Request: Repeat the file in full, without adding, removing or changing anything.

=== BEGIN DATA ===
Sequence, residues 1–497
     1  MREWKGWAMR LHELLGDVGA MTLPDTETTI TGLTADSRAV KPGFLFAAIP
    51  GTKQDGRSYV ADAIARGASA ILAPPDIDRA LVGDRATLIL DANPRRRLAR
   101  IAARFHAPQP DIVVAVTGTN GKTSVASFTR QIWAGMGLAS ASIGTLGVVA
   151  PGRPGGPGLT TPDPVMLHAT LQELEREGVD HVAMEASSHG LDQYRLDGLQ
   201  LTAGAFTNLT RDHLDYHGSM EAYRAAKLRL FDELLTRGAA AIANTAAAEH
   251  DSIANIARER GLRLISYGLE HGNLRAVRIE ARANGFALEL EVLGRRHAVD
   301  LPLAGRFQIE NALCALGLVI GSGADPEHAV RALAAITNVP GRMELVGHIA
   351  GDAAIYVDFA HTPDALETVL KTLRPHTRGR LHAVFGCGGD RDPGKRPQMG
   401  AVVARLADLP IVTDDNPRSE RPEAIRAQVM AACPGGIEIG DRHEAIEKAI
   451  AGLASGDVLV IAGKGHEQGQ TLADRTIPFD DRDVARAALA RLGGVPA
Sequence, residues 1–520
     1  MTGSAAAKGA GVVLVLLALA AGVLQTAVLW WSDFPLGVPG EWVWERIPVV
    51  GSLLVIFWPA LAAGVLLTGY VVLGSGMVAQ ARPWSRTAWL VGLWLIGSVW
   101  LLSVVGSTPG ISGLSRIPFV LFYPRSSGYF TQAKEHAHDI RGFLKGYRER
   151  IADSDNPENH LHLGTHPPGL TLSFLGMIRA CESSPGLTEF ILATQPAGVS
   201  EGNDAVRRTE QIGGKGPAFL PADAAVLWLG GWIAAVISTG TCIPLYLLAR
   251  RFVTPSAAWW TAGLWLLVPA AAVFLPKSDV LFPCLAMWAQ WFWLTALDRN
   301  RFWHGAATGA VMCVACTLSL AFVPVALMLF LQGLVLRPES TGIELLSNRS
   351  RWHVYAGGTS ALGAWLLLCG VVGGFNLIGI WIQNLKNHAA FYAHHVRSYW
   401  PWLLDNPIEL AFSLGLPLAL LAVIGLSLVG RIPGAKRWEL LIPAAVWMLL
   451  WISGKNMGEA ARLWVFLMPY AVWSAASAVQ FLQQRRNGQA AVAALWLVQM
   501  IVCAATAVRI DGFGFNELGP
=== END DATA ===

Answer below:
Sequence, residues 1–497
     1  MREWKGWAMR LHELLGDVGA MTLPDTETTI TGLTADSRAV KPGFLFAAIP
    51  GTKQDGRSYV ADAIARGASA ILAPPDIDRA LVGDRATLIL DANPRRRLAR
   101  IAARFHAPQP DIVVAVTGTN GKTSVASFTR QIWAGMGLAS ASIGTLGVVA
   151  PGRPGGPGLT TPDPVMLHAT LQELEREGVD HVAMEASSHG LDQYRLDGLQ
   201  LTAGAFTNLT RDHLDYHGSM EAYRAAKLRL FDELLTRGAA AIANTAAAEH
   251  DSIANIARER GLRLISYGLE HGNLRAVRIE ARANGFALEL EVLGRRHAVD
   301  LPLAGRFQIE NALCALGLVI GSGADPEHAV RALAAITNVP GRMELVGHIA
   351  GDAAIYVDFA HTPDALETVL KTLRPHTRGR LHAVFGCGGD RDPGKRPQMG
   401  AVVARLADLP IVTDDNPRSE RPEAIRAQVM AACPGGIEIG DRHEAIEKAI
   451  AGLASGDVLV IAGKGHEQGQ TLADRTIPFD DRDVARAALA RLGGVPA
Sequence, residues 1–520
     1  MTGSAAAKGA GVVLVLLALA AGVLQTAVLW WSDFPLGVPG EWVWERIPVV
    51  GSLLVIFWPA LAAGVLLTGY VVLGSGMVAQ ARPWSRTAWL VGLWLIGSVW
   101  LLSVVGSTPG ISGLSRIPFV LFYPRSSGYF TQAKEHAHDI RGFLKGYRER
   151  IADSDNPENH LHLGTHPPGL TLSFLGMIRA CESSPGLTEF ILATQPAGVS
   201  EGNDAVRRTE QIGGKGPAFL PADAAVLWLG GWIAAVISTG TCIPLYLLAR
   251  RFVTPSAAWW TAGLWLLVPA AAVFLPKSDV LFPCLAMWAQ WFWLTALDRN
   301  RFWHGAATGA VMCVACTLSL AFVPVALMLF LQGLVLRPES TGIELLSNRS
   351  RWHVYAGGTS ALGAWLLLCG VVGGFNLIGI WIQNLKNHAA FYAHHVRSYW
   401  PWLLDNPIEL AFSLGLPLAL LAVIGLSLVG RIPGAKRWEL LIPAAVWMLL
   451  WISGKNMGEA ARLWVFLMPY AVWSAASAVQ FLQQRRNGQA AVAALWLVQM
   501  IVCAATAVRI DGFGFNELGP